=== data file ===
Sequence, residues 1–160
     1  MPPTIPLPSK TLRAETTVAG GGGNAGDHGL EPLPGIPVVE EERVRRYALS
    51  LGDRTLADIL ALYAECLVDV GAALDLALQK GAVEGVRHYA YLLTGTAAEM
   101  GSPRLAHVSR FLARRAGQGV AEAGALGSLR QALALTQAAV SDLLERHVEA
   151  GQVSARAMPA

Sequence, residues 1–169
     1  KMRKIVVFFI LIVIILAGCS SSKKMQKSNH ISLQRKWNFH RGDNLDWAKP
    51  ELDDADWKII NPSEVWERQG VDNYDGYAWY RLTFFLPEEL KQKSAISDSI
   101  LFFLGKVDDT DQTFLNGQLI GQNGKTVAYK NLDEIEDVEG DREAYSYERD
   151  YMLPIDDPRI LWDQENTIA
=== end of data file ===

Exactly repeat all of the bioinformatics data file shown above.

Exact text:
Sequence, residues 1–160
     1  MPPTIPLPSK TLRAETTVAG GGGNAGDHGL EPLPGIPVVE EERVRRYALS
    51  LGDRTLADIL ALYAECLVDV GAALDLALQK GAVEGVRHYA YLLTGTAAEM
   101  GSPRLAHVSR FLARRAGQGV AEAGALGSLR QALALTQAAV SDLLERHVEA
   151  GQVSARAMPA

Sequence, residues 1–169
     1  KMRKIVVFFI LIVIILAGCS SSKKMQKSNH ISLQRKWNFH RGDNLDWAKP
    51  ELDDADWKII NPSEVWERQG VDNYDGYAWY RLTFFLPEEL KQKSAISDSI
   101  LFFLGKVDDT DQTFLNGQLI GQNGKTVAYK NLDEIEDVEG DREAYSYERD
   151  YMLPIDDPRI LWDQENTIA